A home appliance insurer being sued by Domestic & General Insurance PLC for allegedly trying to poach its customers has been hit with an injunction barring it from approaching potential clients with offers to renew their warranties.
The Bank of England has agreed to delay work on its first test of how banks respond to cyberattacks and IT failures to allow them to focus on preparing for Brexit, records published Wednesday reveal.
RSA Insurance Group PLC said it has gained approval at a court in London to transfer European policies written in its U.K. subsidiary to its newly established hub in Luxembourg as it prepares to avoid Brexit disruption.
Law360 speaks to Jeffrey Golden, joint-head of 3 Hare Court Chambers, and ex-Delaware Supreme Court justice Randy Holland about the importance of building contacts in different jurisdictions, how 3 Hare Court has been breaking new ground and building up a strong global practice, and which key trends they’re keeping an eye on within the legal industry.
With Britain less than a year from exiting the European Union, firms on Law360’s Global 20 have begun pushing deeper into the countries remaining in the bloc, adding offices and industry specialists in a shift that could rebalance how BigLaw works in the region.
The U.K. Commercial Court's recent decision in BlueBon v. Ageas highlights the need for policyholders to comply with all warranties, but also indicates that failure to comply may not necessarily invalidate an entire policy, says Richard Mattick of Covington & Burling LLP.
With the General Data Protection Regulation on the horizon, companies' GDPR governance should be set up to work seamlessly. Those with GDPR responsibilities should ensure that individuals' rights are accounted for and that employees do not become weak links in data security, says Maarten Stassen of Crowell & Moring LLP.
While a great deal of uncertainty remains around Brexit, there will be challenges for all contractual parties in the U.K. and the EU as they approach existing and future contractual obligations, say Dipti Hunter and Kirsty O'Connor of PricewaterhouseCoopers LLP.
As financial services and fintech firms seek to reduce their vulnerability to cyberattacks and mitigate against regulatory and litigation exposure, one key inquiry is the extent to which a company’s cybersecurity controls are consistent with industry best practices. In this regard, a recent report from the World Economic Forum provides a valuable reference point, say Rishi Zutshi and April Collaku of Cleary Gottlieb Steen & Hamilton LLP.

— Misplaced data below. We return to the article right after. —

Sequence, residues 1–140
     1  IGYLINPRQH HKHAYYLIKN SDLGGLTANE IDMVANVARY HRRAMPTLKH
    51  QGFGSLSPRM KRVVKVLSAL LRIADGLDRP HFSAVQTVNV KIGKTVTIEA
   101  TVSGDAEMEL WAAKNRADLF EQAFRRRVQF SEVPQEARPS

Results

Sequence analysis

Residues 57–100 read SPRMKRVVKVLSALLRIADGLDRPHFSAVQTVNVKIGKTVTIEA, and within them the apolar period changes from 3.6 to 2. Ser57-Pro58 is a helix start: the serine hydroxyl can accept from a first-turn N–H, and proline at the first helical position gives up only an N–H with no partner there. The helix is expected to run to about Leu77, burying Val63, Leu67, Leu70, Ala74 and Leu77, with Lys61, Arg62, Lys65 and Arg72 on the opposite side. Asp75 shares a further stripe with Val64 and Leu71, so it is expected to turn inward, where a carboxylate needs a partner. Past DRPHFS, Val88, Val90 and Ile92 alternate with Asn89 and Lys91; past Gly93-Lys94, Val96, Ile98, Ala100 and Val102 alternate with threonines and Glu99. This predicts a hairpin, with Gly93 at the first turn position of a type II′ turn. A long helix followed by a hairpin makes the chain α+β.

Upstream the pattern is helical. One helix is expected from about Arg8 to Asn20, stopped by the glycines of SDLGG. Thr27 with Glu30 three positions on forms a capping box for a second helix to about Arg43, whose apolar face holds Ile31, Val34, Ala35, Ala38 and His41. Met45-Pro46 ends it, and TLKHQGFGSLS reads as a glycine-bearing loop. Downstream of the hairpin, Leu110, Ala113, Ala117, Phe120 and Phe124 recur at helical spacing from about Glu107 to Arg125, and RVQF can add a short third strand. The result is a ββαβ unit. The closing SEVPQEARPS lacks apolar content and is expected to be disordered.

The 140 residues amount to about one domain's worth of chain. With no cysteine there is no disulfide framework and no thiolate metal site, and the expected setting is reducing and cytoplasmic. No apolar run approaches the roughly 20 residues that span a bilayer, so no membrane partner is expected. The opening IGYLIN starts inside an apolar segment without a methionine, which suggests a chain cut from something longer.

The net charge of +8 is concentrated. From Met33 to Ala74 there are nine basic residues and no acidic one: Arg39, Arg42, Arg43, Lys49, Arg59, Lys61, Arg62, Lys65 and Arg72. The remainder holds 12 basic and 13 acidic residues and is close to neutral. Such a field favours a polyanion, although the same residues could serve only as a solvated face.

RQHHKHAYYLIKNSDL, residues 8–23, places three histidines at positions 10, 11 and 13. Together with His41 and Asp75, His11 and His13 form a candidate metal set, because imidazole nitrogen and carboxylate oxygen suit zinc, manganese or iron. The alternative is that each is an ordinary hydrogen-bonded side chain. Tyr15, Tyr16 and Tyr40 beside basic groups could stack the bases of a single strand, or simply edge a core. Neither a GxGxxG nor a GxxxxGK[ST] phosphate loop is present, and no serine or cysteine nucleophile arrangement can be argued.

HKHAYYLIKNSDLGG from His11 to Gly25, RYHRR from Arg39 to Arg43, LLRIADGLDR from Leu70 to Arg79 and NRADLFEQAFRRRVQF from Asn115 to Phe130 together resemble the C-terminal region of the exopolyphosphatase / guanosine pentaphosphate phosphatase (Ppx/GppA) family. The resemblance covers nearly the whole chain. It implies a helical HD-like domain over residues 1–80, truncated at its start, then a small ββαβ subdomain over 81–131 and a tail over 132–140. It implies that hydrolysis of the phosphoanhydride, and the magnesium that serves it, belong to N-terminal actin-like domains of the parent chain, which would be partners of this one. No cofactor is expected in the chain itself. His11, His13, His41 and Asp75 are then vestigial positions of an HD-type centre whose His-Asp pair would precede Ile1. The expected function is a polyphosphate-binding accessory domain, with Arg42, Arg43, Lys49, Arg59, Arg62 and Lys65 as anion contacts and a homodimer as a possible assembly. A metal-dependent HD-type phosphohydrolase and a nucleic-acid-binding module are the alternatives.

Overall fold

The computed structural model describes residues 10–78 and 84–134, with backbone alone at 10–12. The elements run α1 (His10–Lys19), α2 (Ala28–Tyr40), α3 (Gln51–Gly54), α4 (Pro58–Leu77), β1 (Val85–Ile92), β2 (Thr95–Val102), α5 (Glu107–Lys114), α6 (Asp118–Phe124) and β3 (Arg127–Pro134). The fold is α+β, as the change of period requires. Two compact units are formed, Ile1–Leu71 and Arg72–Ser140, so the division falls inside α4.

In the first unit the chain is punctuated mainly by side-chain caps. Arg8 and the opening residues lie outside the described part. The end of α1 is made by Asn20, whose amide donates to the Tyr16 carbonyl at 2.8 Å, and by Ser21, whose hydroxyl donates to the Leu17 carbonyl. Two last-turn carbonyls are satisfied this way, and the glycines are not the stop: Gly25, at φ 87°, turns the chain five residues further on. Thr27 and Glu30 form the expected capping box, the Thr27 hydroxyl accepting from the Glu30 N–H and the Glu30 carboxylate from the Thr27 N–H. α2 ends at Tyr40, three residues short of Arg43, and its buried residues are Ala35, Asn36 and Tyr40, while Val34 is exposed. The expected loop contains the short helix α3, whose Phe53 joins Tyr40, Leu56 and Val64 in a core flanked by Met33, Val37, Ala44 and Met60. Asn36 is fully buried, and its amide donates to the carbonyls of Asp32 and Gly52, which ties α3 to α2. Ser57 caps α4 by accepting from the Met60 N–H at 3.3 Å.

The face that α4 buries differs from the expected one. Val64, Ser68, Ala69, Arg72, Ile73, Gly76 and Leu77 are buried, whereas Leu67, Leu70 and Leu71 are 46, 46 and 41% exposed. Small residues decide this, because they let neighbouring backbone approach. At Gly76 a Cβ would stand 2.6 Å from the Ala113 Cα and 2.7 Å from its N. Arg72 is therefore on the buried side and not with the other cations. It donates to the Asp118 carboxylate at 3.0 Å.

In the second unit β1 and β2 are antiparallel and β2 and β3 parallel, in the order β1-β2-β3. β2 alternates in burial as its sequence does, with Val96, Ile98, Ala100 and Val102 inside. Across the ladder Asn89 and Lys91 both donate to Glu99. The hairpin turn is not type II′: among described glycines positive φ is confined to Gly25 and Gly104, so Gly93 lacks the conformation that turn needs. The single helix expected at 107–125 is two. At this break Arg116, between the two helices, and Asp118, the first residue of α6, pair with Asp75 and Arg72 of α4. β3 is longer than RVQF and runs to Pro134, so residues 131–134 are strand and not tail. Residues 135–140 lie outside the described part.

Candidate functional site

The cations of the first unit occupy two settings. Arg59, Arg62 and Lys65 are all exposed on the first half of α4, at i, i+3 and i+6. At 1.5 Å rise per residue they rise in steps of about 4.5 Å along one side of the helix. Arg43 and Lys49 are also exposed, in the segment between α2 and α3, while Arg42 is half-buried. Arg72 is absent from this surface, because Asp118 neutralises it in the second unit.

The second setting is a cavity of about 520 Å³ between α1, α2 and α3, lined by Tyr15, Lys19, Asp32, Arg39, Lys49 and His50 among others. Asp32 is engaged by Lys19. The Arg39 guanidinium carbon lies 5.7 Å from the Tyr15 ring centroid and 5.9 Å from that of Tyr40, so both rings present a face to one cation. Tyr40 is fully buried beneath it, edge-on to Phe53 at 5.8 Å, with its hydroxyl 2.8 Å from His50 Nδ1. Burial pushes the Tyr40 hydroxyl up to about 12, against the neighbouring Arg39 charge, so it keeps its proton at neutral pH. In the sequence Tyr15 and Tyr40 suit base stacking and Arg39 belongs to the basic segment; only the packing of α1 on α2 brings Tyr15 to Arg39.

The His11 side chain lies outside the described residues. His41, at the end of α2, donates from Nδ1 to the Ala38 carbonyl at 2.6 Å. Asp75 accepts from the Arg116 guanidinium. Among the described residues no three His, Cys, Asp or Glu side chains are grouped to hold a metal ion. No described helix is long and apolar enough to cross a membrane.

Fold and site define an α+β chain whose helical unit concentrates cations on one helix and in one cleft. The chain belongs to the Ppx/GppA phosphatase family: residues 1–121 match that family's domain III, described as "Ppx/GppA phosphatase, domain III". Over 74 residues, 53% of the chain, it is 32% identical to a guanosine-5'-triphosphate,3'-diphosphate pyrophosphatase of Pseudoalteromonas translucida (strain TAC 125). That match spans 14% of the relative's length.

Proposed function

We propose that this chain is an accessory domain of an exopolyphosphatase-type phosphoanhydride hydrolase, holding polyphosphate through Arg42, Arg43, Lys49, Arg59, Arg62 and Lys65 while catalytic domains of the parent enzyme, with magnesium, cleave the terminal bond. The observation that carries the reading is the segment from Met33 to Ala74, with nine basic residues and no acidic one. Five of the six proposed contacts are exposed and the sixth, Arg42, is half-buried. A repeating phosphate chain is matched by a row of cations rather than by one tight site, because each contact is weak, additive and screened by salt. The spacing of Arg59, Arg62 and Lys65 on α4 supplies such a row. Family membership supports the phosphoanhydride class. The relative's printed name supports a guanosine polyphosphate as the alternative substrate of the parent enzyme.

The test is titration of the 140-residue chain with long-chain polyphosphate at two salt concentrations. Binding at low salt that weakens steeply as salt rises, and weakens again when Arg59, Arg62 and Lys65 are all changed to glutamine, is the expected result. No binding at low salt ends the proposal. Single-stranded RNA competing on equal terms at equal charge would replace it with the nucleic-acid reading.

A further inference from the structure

Like medical professionals, lawyers often resist policies to reduce errors due to the culture of perfectionism that permeates the industry. Autonomy is key to the legal professional's prestige and the outward demonstration of competence is key to maintaining autonomy, says Peter Norman of Winnieware LLC.
Recent disclosures by U.K. insurance regulators have highlighted the possibility of an imminent flood of applications by U.K. insurers to English courts to transfer their policies to their EU-based affiliates. Policyholders affected by these transfers will need to scrutinize them closely, says Richard Mattick of Covington & Burling LLP.
In the long term, Carillion PLC's collapse has added to the growing demand for increased regulation and scrutiny of company directors fueled by the failure of British Home Stores. The U.K. government has promised to introduce new sanctions for company directors who put their employees' pensions at risk, say Lance Ashworth, QC, and Zahler Bryan of Serle Court Chambers.
Legal leaders who want to meet their clients' expanding expectations should start moving their documents to future-ready document management solutions now if they want to stay competitive in the next few years, says Dan Puterbaugh of Adobe Systems Inc.
The sheer scale and global nature of the Volkswagen diesel emissions scandal has led to discussions about how such high-volume consumer cases are handled, with some commentators suggesting that the case represents a turning point in how class action litigation is viewed and handled, particularly in Europe, say Noah Wortman, global head of class action services at Goal Group, and attorneys with Hausfeld LLP.
In a recent report, the Organisation for Economic Co-operation and Development considered whether cyber insurance can operate as a driving force in improving cyber risk management generally. Making detailed information on cyber incidents available would help cyber insurance function as a critical risk resilience tool, say Neil Warlow and Sarah Stephens of JLT Specialty Limited.